Alternately, OpenBSD, was designed from the ground up as a secure unix, and is probably your best choice for a pure unix implementation. OpenBSD servers and firewalls are extremely secure.

A good idea would be to set up a rather open internal network, with tight security between the inside and the outside. That way, local users still have all the convenience, while the system is secure from an external threat. There are still two problems with this approach.

If you have legitimate users who need to connect to your system remotely, they would be inconvenienced by your external security. This shouldn't be an issue, as opening up your system to one person, can really open it up to the world.

On the inside too, if your users cannot be trusted, then lax internal security could hurt you. Your users could compromise your system by simply not setting good passwords, or leaving their terminals logged in while they are away. There have been cases when crackers have walked into offices, and found system passwords pasted on the office bulletin board for everyone's convenience. Although hitherto unheard of in India, companies abroad have been known to place spies in competitor's companies to steal corporate secrets. There's no use in having the ultimate in network security if your employee is simply going to copy all your secrets onto a floppy and walk out with it.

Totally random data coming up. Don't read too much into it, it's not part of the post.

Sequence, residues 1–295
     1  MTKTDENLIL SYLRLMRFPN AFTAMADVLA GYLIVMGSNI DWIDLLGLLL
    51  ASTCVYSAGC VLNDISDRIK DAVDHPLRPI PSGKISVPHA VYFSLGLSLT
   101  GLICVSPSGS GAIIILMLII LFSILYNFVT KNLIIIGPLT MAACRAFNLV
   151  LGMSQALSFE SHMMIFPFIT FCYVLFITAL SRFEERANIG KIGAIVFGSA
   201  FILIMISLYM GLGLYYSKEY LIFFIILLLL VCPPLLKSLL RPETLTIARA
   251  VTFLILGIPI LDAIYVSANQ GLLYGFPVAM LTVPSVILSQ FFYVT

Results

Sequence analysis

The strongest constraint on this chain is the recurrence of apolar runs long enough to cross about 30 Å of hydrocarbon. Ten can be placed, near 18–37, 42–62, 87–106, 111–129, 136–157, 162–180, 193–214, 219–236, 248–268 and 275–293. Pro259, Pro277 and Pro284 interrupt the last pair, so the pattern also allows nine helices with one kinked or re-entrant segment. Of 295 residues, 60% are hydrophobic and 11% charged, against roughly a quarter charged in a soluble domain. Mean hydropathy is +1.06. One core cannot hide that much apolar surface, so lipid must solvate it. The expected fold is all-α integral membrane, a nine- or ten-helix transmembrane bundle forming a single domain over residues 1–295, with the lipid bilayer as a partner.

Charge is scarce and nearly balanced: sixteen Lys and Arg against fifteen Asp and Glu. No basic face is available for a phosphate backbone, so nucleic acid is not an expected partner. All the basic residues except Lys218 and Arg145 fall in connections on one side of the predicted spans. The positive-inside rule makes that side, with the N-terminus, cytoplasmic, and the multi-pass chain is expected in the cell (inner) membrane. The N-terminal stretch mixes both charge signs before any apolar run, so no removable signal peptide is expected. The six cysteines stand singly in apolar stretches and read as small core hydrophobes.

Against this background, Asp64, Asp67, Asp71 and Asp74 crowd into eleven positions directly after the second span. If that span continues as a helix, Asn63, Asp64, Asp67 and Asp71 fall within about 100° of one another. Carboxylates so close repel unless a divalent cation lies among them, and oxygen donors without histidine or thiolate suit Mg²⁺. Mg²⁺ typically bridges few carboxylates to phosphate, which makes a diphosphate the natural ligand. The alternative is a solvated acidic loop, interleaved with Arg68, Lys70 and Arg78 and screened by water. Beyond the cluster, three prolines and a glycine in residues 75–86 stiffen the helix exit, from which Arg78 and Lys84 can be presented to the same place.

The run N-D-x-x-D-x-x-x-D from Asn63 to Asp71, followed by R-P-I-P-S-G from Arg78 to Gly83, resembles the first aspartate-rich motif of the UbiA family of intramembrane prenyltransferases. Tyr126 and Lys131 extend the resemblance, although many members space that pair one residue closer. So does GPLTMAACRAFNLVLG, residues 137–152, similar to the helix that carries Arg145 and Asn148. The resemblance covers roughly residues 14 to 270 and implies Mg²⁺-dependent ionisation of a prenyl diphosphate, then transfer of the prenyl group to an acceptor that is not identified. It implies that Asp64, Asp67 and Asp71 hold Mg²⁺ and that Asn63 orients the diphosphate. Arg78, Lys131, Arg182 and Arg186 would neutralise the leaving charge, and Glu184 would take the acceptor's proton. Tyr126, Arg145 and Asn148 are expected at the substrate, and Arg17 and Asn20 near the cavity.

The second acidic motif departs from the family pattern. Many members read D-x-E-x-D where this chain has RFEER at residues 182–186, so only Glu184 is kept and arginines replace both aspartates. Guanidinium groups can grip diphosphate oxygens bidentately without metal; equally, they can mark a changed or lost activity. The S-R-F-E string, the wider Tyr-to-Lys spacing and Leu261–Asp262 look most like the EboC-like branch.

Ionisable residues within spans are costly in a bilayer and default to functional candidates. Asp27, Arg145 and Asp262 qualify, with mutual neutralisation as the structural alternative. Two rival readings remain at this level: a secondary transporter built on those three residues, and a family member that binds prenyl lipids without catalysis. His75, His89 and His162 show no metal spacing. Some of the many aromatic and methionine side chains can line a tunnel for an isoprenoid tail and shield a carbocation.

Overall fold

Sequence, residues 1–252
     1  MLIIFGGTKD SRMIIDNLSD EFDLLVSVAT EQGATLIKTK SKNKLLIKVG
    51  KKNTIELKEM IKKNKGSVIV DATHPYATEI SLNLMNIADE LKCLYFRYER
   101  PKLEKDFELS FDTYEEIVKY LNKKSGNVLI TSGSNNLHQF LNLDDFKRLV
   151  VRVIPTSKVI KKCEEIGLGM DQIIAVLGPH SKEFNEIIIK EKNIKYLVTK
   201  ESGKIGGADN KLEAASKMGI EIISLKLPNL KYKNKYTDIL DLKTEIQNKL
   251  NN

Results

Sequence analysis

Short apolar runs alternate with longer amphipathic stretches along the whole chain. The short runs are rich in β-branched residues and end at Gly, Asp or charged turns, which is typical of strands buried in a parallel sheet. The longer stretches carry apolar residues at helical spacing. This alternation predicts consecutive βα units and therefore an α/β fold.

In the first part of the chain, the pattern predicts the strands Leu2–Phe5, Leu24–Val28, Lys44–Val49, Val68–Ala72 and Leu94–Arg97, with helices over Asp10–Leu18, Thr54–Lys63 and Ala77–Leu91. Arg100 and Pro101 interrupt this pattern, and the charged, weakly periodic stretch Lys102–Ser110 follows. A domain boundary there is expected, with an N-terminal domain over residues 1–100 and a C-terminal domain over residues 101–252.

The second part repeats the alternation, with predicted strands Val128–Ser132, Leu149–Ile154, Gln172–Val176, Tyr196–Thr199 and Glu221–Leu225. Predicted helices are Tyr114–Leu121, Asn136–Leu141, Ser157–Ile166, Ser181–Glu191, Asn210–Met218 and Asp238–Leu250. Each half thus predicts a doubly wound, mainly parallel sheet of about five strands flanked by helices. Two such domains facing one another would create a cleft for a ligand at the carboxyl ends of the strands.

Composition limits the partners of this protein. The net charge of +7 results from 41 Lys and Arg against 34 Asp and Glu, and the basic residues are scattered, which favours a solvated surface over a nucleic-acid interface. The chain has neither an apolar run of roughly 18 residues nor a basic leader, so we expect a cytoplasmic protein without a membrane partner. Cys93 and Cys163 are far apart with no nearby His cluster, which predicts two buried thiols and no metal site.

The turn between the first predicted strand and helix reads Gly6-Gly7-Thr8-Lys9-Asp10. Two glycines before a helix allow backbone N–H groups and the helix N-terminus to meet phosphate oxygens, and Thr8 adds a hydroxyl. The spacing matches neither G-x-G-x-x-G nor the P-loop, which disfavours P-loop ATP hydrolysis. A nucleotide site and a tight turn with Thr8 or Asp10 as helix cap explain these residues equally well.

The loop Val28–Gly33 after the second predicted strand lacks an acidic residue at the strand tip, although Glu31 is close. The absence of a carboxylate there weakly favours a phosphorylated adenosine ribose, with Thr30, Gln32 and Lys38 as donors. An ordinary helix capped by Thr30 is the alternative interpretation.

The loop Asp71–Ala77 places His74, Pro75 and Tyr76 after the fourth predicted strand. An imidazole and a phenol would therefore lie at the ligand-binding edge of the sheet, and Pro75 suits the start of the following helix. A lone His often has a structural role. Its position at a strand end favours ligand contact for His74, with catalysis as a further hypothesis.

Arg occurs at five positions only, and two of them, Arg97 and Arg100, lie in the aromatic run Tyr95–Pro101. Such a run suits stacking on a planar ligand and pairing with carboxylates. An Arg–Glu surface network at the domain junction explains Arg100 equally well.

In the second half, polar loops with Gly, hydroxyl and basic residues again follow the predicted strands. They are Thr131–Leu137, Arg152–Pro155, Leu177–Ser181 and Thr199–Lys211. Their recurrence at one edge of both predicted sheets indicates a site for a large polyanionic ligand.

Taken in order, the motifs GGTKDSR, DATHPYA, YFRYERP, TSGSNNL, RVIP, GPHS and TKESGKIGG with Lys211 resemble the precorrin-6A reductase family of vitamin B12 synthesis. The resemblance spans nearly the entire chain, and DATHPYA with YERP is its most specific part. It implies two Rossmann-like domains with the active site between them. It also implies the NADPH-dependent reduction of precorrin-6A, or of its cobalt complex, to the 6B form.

Apart from securing each computer system, and the network as a whole, one also needs to physically secure the entire installation.


To protect your network, you'd use a firewall between your internal network and the rest of the world.

A firewall set up is basically a set of rules that tell the firewall whether a given packet is to be allowed through or not. It can also log information on packets passing through, as well as modify or redirect these packets.

Setting up a firewall is very well explained in the linux firewall howto.

In general, you will require to configure IP Chains, IP Filter or IP Tables depending on whether you have a 2.2, 2.4 or 2.6 kernel.

A firewall is indispensible to the security of a network. Whether it is a dedicated machine or running as a service on another makes a difference.